Fixed mortgages: new lows for 15-, 30-year loans

Fixed mortgages for 30-year loan dips to 3.79 percent; 15-year loan averages. 3.04 percent. But record low rates on fixed mortgages have not ignited home sales.

By , AP Business Writer

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    A San Jose, Calif., home sits empty as it is put on the market for sale in this April file photo. The average rate for conventional fixed mortgages fell to new lows this week.
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Average U.S. rates for 30-year and 15-year fixed mortgages fell to record lows for the third straight week. The steady decline has made home-buying and refinancing more affordable than ever for those who can qualify.

Mortgage buyer Freddie Mac says the rate on the 30-year loan dipped to 3.79 percent. That's down from 3.83 percent last week and the lowest since long-term mortgages began in the 1950s.

The 15-year mortgage, a popular option for refinancing, declined to 3.04 percent. That's down from last week's previous record of 3.05 percent.

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Rates on the 30-year loan have been below 4 percent since early December. But so far, those cheap rates haven't been enough to ignite home sales.

While sales of previously occupied homes picked up in January and February, they fell again in March and remain well below healthy levels.

Low mortgage rates have helped boost builder confidence, which rose in May to a five-year high. And home construction has improved in the past six months, a reflection of that increase in confidence.

Builders broke ground in April at a seasonally adjusted annual pace of 717,000 homes, the government reported Wednesday. That nearly matches January's pace, the best since October 2008.

Construction rose for both single-family homes and apartments. And builders requested more permits to build single-family homes, a sign they expect more demand in the coming months.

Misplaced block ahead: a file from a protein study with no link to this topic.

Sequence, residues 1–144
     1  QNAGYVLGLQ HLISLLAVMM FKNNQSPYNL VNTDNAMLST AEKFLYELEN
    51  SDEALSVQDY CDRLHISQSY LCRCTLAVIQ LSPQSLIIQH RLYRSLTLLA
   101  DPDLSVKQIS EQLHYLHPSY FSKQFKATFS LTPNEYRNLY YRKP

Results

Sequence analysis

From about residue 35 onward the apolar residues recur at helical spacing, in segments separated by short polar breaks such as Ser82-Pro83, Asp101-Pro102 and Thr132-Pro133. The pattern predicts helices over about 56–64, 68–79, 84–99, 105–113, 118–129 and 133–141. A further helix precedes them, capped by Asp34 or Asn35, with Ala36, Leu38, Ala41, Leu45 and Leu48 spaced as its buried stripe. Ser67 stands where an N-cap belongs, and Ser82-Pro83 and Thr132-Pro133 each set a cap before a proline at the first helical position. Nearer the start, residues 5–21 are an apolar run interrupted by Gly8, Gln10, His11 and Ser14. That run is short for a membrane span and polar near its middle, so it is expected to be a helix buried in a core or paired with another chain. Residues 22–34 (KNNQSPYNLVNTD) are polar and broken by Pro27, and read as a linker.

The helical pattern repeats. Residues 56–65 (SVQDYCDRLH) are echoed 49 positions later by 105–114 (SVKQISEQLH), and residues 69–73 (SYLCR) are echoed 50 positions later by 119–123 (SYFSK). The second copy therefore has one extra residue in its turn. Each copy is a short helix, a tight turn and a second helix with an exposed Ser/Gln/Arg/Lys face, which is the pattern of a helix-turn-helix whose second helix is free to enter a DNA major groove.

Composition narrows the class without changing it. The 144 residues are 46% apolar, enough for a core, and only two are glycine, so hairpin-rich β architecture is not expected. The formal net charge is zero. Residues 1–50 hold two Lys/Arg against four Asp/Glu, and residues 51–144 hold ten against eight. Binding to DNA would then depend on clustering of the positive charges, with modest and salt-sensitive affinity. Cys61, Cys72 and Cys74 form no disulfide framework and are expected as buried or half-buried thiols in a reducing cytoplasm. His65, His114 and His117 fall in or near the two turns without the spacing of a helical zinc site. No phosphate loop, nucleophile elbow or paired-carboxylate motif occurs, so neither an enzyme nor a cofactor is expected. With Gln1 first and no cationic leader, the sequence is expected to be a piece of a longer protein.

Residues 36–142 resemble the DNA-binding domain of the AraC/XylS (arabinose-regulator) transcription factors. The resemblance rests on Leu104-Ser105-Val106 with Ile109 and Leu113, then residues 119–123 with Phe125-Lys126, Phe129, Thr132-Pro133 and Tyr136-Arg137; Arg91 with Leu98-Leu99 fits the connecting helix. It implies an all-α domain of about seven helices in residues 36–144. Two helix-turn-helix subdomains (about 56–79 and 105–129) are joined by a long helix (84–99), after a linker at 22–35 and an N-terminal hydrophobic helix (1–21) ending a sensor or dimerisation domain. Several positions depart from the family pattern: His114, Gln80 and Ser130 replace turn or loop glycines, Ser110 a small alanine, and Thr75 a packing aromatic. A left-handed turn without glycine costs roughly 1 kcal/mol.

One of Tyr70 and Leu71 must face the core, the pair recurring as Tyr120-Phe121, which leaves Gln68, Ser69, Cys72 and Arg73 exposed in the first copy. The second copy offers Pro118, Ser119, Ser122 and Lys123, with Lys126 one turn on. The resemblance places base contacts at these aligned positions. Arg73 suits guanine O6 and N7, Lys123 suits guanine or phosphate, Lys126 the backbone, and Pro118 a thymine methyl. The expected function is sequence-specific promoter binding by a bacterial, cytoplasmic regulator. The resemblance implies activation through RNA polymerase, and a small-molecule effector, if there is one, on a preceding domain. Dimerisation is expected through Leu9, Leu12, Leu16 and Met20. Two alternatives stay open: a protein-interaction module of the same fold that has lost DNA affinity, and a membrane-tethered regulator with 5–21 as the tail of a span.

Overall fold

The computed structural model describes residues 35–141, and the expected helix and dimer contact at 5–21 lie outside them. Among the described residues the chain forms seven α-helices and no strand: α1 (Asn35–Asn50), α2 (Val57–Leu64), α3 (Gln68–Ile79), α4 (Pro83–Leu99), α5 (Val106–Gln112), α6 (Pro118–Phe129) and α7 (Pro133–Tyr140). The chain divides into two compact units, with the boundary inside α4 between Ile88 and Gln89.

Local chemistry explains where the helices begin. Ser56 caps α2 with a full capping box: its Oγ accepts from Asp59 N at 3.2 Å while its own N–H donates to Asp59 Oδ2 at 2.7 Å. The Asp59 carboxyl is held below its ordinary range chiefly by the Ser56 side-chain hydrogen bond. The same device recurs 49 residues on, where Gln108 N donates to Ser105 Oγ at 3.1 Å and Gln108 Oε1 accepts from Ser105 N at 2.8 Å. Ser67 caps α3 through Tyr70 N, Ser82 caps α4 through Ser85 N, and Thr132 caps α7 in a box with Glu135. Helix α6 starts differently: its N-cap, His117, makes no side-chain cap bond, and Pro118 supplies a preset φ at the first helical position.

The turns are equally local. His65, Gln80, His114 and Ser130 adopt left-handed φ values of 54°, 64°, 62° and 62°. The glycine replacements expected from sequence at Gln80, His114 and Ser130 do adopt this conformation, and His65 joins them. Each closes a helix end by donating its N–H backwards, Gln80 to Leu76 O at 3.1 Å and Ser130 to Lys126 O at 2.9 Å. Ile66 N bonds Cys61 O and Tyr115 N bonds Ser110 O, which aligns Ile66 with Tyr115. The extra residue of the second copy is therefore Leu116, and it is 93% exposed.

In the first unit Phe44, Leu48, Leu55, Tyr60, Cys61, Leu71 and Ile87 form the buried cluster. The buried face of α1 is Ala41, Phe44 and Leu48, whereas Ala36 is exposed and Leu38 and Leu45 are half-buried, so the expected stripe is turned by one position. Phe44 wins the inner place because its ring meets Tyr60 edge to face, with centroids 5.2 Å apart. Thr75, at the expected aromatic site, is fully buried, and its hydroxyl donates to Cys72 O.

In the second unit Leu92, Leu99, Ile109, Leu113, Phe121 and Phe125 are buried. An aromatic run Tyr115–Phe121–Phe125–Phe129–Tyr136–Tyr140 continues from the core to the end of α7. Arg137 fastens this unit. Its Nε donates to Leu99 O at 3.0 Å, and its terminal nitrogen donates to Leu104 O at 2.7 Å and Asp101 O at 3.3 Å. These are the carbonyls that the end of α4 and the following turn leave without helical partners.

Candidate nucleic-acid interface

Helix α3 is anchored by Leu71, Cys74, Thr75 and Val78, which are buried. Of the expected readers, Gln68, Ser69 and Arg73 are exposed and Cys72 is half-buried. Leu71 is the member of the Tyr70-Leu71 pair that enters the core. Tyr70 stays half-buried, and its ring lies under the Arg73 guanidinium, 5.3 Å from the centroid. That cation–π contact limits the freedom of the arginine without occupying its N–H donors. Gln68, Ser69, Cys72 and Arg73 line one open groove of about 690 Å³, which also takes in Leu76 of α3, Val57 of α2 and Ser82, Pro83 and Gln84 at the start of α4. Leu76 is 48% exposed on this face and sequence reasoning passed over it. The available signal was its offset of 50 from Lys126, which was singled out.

Still, many would-be buyers can't qualify for loans or afford higher down payments required by banks. Home prices in many cities continue to fall. That has made those who can afford to buy uneasy about entering the market. And for those who are willing to brave the troubled market, many have already taken advantage of lower rates — mortgage rates have been below 5 percent for more than a year now.

Mortgage rates are lower because they tend to track the yield on the 10-year Treasury note. Slower U.S. job growth and uncertainty about how Europe will resolve its debt crisis have led investors to buy more Treasurys, which are considered safe investments. As demand for Treasurys increases, the yield falls.

To calculate the average rates, Freddie Mac surveys lenders across the country on Monday through Wednesday of each week.

The average rage does not include extra fees, known as points, which most borrowers must pay to get the lowest rates. One point equals 1 percent of the loan amount.

The average fee for 30-year loans was 0.7 last week, unchanged from the previous week. The fee on 15-year loans also was 0.7, the same as the previous week.

The average one-year adjustable rate was 2.78 percent last week, up from 2.73 percent the previous week. The fee on one-year adjustable rate mortgages was unchanged at 0.5.

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